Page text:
Welcome to our monthly feature on EducationNC called the NC STEM ScoreCard, written in partnership with the N.C. Science, Mathematics, and Technology Education (SMT) Center and the Burroughs Wellcome Fund. The previous edition of the STEM ScoreCard featuring UNC-TV Public Media can be found here.
The goal of the NC STEM ScoreCard is to build broader awareness of how P-20 STEM* education is being nurtured across North Carolina and the impact on the well-being of our citizens and state. STEM here is an acronym for Strategies That Engage Minds.
Strategic investment in programs that support the quality and impact of STEM education in North Carolina is a central focus of the NC STEM ScoreCard. We focus again this month on an organization in North Carolina that provides critical infrastructure support for teaching and learning, and so much more, in the time of the COVID-19 pandemic: MCNC.
Advancing North Carolina
A nonprofit, client-focused technology organization founded in 1980, MCNC provides high-performance networking and technology solutions for education, research, libraries, health care, public safety, and other community anchor institutions (CAIs) throughout North Carolina.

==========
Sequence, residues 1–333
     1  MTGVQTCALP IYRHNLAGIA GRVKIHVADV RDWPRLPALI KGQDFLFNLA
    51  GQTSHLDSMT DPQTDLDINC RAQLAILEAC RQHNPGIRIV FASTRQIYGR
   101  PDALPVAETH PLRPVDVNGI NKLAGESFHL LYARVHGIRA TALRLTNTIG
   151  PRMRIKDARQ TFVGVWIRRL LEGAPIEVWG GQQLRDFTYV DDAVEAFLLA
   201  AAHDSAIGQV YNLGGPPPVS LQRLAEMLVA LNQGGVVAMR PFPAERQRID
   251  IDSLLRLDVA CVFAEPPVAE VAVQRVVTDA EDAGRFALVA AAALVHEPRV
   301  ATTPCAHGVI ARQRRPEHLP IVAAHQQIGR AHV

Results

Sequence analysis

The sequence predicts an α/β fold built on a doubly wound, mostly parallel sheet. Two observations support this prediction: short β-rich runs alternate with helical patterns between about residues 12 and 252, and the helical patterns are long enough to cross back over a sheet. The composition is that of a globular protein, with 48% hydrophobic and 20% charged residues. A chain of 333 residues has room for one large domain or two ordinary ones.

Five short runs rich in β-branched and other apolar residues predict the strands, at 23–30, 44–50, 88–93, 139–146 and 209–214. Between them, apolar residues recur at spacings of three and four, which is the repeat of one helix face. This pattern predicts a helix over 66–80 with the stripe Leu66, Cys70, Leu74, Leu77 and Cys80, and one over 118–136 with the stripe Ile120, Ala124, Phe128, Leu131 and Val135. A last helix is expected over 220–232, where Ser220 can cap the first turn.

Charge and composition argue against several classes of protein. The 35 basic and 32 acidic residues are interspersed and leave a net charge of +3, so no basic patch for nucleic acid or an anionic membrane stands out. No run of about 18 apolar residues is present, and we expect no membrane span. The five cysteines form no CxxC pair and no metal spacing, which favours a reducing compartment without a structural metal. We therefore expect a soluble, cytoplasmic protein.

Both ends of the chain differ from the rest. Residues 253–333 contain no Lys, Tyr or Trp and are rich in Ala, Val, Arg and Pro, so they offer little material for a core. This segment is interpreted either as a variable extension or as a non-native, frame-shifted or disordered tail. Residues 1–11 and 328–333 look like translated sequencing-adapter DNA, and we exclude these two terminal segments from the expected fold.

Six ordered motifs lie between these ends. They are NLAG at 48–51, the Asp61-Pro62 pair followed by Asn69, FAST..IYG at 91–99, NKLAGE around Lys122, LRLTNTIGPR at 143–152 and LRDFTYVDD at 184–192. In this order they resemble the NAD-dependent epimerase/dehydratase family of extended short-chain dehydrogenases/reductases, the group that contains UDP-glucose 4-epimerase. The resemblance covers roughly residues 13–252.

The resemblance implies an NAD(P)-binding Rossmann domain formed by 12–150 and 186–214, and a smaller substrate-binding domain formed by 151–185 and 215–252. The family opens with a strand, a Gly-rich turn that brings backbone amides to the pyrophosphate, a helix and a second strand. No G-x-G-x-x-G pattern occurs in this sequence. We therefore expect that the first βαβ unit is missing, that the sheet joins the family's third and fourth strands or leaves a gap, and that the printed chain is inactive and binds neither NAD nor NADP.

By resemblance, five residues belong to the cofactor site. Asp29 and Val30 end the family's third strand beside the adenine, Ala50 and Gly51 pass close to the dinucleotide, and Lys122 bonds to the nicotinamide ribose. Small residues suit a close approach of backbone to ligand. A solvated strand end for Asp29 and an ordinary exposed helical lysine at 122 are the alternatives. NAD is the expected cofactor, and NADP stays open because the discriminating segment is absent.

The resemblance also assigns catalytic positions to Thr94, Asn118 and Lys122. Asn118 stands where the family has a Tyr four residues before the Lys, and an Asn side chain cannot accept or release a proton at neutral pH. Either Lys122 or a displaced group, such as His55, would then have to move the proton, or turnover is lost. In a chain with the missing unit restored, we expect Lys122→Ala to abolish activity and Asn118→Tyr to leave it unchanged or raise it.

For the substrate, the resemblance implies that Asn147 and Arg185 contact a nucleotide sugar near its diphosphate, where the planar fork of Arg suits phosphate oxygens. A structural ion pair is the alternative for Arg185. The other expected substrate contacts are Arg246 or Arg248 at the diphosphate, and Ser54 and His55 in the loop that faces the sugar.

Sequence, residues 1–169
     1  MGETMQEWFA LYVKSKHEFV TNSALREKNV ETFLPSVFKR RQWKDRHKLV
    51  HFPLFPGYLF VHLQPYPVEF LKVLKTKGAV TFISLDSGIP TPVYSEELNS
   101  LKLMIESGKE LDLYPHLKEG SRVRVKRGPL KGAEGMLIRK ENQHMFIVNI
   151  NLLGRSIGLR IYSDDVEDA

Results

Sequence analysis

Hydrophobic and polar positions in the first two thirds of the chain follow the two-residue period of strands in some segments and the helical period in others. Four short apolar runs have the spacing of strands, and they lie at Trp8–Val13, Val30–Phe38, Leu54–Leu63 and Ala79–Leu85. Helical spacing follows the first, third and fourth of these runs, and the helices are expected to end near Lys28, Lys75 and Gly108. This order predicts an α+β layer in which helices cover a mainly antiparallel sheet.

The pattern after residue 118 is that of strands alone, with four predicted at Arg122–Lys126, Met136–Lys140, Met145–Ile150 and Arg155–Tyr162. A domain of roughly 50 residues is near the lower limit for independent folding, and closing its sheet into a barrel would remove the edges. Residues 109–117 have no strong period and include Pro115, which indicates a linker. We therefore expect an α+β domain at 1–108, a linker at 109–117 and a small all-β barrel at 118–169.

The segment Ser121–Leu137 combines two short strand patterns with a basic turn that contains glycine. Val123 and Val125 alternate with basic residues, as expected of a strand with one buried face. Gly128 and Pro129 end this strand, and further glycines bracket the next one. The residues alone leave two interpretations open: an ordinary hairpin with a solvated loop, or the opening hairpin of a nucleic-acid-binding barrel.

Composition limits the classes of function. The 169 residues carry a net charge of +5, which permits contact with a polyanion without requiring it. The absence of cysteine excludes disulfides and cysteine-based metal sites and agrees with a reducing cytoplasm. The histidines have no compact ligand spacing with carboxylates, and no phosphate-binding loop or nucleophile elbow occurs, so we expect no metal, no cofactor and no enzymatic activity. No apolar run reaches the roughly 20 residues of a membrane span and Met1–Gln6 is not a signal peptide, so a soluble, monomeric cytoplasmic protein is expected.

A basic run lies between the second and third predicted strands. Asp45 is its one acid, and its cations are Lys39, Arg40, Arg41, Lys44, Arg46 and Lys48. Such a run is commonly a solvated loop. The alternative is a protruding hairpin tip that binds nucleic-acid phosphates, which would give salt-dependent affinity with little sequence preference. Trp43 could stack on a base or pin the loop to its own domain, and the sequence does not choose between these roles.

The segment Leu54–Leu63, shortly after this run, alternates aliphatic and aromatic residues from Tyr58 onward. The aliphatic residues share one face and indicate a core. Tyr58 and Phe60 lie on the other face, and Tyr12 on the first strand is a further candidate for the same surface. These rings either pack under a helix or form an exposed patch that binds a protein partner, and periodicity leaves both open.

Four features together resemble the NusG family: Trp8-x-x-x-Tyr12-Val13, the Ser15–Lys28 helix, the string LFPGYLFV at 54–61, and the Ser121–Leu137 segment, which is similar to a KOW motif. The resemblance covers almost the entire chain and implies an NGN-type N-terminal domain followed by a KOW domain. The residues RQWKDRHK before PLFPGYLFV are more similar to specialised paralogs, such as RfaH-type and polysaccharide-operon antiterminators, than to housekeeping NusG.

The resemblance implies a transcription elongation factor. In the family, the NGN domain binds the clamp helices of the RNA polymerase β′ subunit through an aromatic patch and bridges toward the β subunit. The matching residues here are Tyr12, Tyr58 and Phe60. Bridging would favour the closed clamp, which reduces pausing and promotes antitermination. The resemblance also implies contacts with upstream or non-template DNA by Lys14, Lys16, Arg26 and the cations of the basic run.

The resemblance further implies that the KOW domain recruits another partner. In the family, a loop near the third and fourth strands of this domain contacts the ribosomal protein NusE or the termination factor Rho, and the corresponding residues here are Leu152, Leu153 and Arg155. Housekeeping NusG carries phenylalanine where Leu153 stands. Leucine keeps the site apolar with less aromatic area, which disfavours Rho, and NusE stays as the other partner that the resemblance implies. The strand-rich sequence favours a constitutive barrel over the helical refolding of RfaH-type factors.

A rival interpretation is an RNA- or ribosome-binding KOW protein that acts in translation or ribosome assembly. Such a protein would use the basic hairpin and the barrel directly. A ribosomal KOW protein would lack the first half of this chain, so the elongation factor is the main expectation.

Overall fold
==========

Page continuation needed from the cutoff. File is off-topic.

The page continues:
The internet is important to everyone in the 21st century, and secure broadband access is one of the most vital investments we can make for North Carolina’s economic future. MCNC is much more than just a network operator; it provides innovative technology services and expertise to help organizations of all sizes.
MCNC owns and operates one of America’s longest-running regional research and education networks, the North Carolina Research and Education Network (NCREN). This is the fundamental broadband infrastructure for 850 CAIs including all K-12 education in North Carolina.
MCNC customizes internet services and related applications for each client while supporting private service providers in bringing cost-efficient connectivity to rural and underserved communities in North Carolina.
The North Carolina General Assembly initially funded the Microelectronics Center of North Carolina to be a catalyst for technology-based, economic development throughout the state.